Section J compliance reprieve extended for tipper body certifiers

tipper code

Strong lobbying for a three-month delay to the launch of the new version of VSB6 – the national standard for the most common modifications made to heavy vehicles – has been successful.

The National Heavy Vehicle Regulator (NHVR), which had originally extended the deadline to February 1, announced this week that the new date for implementation would be July 1, 2024.

Heavy Vehicle Industry Australia (HVIA), one of the peak bodies pushing for more time, said the new date allows authorised examiners and signatories to certify tipper bodies under the old VSB6 v3.1 Section J requirements until then.

This means that industry will not have to comply with the requirements of VSB6 v3.2 until after that date. The extension allows final changes and revisions to be completed before full adoption is required.

The NHVR advises that businesses that applied for the previous J4 extension do not need to reapply as this further extension will automatically apply.

However, those wishing to apply for the first time should email with their request, including their name, business name and estimated number of tipper body certifications over this period, said HVIA.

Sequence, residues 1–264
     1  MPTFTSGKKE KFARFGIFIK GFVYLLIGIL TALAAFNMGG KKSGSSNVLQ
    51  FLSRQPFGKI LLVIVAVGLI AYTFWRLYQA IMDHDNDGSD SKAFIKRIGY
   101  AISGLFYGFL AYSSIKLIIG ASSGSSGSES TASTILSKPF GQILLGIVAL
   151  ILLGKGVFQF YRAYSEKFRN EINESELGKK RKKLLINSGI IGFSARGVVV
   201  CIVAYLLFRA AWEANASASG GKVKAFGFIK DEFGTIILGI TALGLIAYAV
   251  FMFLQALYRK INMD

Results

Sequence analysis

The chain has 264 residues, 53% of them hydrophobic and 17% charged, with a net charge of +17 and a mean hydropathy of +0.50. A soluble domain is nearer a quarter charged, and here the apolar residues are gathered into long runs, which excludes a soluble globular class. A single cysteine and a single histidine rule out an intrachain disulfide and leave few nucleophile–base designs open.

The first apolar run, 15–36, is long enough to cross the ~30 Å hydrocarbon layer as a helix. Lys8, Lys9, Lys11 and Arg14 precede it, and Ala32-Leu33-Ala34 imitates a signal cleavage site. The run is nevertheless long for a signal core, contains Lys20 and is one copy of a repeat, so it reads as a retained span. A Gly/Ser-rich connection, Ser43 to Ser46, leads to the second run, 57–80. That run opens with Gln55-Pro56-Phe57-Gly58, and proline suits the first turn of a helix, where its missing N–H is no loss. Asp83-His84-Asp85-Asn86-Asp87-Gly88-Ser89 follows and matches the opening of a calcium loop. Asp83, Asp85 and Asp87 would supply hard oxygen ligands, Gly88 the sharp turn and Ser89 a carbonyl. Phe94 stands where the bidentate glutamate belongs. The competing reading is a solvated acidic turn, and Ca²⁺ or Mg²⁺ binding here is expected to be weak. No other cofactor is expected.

“That information assists the NHVR in understanding the industry better as well as providing the AVE with an NHVR approval to retain with their AVE certification documentation.”

The Commercial Vehicle Industry Association of Australia (CVIAA), the heavy vehicle division within the Motor Trades Association of Australia (MTAA), has also called for the regulator to urgently provide direct advice to industry regarding how it will implement the J4 tipper code.

“CVIAA was the first to inform NHVR of the industry’s concerns related to the tipper stability calculations – considered overly complex and difficult to meet the prescribed standards,” MTAA CEO Geoff Gwilym said.

“It has been CVIAA’s long-standing position that the NHVR should move the J4 tipper body design code stability calculations into a Vehicle Standard Guide (VSG) and that it should not be a part of VSB 6. It is worth noting that the stability calculations only affect modified heavy vehicles (not OEM tippers, prime movers, semi-trailers or dog trailers).

“Direct advice from the NHVR will ease uncertainty and help our industry partners get safer heavy vehicles back on the road.”

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